As community workers, we’re not there to scare them about the future – that’s not within the kids’ thinking structure. We’re trying to equip them to survive in a larger economy and environment that’s different from what they’re growing up in.
What role does education play for the kids you work with in rental blocks?
In school, their learning focuses on academic skills which are very theoretical, and not really aligned with their lived realities. I believe they would blossom in a system that’s more child-led – where they can set their own objectives, and express their emotions and needs clearly.
“We want to put across to the kids that play doesn’t need to be expensive but can be made possible with everyday materials.”
My wish for my kids at the age of 7-12, is to have a huge range of free play activities. To be able to practise their imagination, and never feel that there’s nothing they can do. I wish for them a sense of possibility to be and do whatever they set their minds to. Not just in the future, but in the present.
What would benefit them is a child-safe area in rental blocks; currently, there’s no psychological safety there – there’s killer litter, people doing drugs. It’s nearly impossible to learn and play in that environment.
What advice do you have for well-intentioned students or corporates who are eager to volunteer to help disadvantaged kids and families?
There are a lot of well-intentioned people who want to help. What I would advise them to do is: to break bread with the families. Sit on the floor and eat with them. Suspend your own value systems; try see things from the families’ point of view and match their cultural nuances.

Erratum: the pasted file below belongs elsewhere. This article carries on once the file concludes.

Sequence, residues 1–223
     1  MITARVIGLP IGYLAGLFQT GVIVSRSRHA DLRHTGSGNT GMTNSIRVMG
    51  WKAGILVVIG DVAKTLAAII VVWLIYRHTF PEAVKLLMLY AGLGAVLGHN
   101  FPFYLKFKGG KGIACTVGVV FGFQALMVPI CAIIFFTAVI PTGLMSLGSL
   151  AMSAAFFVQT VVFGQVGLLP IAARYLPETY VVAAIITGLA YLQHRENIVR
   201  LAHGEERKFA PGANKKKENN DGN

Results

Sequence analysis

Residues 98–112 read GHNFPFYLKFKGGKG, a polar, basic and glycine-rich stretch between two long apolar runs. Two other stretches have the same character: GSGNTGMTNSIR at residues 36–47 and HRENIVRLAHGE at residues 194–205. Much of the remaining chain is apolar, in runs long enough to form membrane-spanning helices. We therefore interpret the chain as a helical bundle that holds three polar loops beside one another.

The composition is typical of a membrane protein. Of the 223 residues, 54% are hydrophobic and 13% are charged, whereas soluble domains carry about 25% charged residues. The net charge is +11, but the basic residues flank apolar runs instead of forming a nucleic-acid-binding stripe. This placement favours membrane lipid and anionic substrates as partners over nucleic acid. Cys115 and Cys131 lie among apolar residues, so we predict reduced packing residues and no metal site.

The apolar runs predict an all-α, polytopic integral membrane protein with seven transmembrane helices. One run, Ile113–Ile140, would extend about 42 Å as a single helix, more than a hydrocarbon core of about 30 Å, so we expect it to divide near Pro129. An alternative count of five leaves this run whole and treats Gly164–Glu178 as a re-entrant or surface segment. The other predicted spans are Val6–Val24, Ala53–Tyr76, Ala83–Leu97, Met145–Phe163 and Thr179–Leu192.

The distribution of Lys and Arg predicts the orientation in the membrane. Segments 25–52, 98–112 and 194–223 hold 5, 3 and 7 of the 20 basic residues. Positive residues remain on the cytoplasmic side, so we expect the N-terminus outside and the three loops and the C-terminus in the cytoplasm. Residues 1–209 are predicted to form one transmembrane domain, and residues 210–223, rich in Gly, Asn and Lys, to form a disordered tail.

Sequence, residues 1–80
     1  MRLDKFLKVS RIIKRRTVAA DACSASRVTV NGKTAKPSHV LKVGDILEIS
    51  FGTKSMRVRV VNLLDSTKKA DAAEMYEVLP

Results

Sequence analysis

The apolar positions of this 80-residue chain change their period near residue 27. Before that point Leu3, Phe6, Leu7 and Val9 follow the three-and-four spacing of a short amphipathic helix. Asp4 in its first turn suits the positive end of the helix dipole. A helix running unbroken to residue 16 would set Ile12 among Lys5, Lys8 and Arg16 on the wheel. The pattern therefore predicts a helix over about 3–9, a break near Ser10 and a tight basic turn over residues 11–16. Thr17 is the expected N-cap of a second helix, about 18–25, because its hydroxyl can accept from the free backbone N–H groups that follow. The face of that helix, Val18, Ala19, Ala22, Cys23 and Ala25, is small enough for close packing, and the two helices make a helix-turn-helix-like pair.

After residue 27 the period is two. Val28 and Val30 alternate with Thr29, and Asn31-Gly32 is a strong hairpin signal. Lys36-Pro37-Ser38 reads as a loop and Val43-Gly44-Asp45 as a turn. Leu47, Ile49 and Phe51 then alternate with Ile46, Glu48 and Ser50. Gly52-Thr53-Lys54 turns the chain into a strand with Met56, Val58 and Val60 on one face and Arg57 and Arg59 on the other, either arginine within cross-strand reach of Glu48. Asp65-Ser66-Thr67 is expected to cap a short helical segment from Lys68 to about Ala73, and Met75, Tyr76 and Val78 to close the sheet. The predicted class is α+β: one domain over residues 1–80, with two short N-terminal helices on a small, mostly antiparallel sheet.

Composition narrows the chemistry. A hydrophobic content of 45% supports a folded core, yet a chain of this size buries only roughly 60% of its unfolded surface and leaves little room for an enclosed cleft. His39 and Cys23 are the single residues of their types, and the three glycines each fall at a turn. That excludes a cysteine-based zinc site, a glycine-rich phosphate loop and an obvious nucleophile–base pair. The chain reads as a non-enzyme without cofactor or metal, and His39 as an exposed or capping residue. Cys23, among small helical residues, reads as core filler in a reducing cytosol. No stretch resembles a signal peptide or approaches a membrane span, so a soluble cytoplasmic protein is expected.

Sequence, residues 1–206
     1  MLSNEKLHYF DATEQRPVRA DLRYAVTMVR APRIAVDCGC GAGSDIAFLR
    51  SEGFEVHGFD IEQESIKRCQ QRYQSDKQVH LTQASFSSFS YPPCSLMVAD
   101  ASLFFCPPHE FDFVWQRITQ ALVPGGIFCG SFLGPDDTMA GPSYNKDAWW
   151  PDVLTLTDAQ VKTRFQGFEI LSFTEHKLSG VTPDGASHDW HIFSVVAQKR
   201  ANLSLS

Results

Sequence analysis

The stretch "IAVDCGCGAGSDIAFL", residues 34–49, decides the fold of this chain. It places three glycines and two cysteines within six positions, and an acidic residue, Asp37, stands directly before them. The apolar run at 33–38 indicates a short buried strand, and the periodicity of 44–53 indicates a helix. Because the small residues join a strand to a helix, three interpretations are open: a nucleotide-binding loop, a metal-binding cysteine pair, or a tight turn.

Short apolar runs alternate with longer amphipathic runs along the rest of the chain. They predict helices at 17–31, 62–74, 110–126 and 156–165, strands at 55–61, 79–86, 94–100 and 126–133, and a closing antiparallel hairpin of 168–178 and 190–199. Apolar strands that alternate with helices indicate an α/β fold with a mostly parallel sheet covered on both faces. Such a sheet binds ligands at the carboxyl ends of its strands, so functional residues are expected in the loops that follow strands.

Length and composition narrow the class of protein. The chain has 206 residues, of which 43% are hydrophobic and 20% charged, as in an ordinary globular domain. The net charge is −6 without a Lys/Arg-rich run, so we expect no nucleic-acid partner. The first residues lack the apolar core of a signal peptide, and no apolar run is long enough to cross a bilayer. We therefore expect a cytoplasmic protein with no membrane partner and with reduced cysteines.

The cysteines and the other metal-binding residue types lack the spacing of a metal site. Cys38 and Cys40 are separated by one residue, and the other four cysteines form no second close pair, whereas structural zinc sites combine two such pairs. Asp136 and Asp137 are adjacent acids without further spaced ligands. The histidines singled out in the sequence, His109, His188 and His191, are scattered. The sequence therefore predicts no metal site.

“Break bread with the families. Sit on the floor and eat with them. Suspend your own value systems. Try see things from the family’s point of view.”
People generally want to help and see Corporate Social Responsibility as a pathway to reaching communities perceived as vulnerable through social good.
Abhishek, volunteers, and the kids from 6th Sense at Kebun Baru.
I think there are some important questions to ask before planning a project: Who defines what is a good? Who owns it at the end of the day? What, really, is your agenda? Many corporates do CSR from an accountability perspective – that’s not wrong, but it’s not always the most impactful way to approach social impact work.
Leaders need to create the right container for these conversations.
Start with where communities are, instead of where you are. Explore from the lens of a child, for example, and then try and understand where your programme or activity fits in.
It really all starts from the conversation you have with a child.
Underprivileged kids should not be seen differently from privileged kids – all kids have so much potential. We need to respect kids, honour their opinions and not take away their dignity. Even if their opinions and values don’t align with your objectives, it shouldn’t stop you from creating an environment where they can succeed – that’s our duty as adults.
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Want to do something to help? Whether you’re an individual, corporate or student volunteer looking to do good – we hope that this article offers a thoughtful starting point to approach making an impact on kids from disadvantaged backgrounds. If you’ve got further insights on the topic, we’d love to hear from you.
Learn more about 6th Sense and find out how you can support them on their Facebook page!